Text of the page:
I am surprised that oxford online would only list the written use of speech for a play, and the merriam webster seems to list no written versions at all.
It is very common to use the word speech not just to refer to the spoken words, but also to the written words that will be spoken. There is even a job called speechwriter, and this guy wrote speeches for Obama.
It is a very common use, and I am really surprised that two respectable online dictionaries seem to ignore this use completely.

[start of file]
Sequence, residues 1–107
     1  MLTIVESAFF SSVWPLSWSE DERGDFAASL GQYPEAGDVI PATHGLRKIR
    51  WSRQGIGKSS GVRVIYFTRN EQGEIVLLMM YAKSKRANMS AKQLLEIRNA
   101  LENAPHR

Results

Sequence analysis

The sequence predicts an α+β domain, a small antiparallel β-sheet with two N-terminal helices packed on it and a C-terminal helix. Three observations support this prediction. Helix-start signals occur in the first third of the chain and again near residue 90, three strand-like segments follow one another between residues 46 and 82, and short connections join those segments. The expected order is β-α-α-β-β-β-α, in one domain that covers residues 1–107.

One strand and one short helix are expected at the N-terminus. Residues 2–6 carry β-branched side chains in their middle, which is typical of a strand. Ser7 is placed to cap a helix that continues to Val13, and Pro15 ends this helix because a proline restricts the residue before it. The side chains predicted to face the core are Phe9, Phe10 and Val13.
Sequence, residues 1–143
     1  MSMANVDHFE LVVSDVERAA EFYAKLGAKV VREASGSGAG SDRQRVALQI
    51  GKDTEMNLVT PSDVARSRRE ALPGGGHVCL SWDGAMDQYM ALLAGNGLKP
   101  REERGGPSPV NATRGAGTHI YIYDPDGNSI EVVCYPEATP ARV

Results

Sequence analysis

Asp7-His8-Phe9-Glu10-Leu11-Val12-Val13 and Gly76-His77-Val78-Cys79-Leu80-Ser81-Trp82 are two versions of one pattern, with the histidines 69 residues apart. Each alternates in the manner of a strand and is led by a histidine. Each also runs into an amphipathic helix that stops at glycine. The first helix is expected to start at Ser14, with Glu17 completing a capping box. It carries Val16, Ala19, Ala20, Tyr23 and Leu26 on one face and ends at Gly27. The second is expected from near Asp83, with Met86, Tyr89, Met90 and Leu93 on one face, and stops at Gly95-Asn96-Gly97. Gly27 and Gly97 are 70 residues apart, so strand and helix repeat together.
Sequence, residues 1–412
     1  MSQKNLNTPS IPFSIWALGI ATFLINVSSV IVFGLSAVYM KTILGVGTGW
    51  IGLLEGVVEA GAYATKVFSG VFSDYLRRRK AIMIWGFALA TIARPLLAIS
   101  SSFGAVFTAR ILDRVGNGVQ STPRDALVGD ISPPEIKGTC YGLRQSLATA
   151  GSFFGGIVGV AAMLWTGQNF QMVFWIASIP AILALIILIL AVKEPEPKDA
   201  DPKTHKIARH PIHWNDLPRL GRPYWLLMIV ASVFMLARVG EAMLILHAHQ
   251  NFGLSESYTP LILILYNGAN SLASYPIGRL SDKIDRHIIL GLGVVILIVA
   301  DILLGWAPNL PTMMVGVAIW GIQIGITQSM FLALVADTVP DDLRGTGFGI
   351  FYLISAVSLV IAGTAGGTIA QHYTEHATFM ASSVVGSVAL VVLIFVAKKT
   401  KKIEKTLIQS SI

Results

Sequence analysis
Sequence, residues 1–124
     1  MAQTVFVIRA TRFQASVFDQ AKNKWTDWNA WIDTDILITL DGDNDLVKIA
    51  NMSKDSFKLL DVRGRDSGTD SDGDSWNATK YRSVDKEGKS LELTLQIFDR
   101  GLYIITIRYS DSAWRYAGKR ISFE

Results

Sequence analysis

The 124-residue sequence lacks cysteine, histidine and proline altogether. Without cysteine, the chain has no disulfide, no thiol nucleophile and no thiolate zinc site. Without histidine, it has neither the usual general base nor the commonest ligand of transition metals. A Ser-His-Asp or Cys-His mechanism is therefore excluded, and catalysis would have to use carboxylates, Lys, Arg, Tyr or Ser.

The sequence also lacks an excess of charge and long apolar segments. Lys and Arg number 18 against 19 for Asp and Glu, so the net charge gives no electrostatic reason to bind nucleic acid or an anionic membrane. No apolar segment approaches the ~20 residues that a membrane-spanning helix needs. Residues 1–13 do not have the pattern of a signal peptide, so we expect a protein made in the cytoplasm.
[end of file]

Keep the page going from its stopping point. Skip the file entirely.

freedictionary has it listed under 4b, but it is still confusing:
a. A talk or public address.
b. A printed copy of such an address.
It is absolutely common to refer to any written form, whether printed or hand-scribbled on a beermat, as one's speech:
Have you seen my speech? It must be around here somewhere!
I am just fixing some last small details in tomorrow's speech.
Ah, it does appear in the dictionary of dictionaries, the OED has an entry for it :
(III.8.d.) An address or discourse of a more or less formal character delivered to an audience or assembly;an oration; also, the manuscript or printed copy or report of this.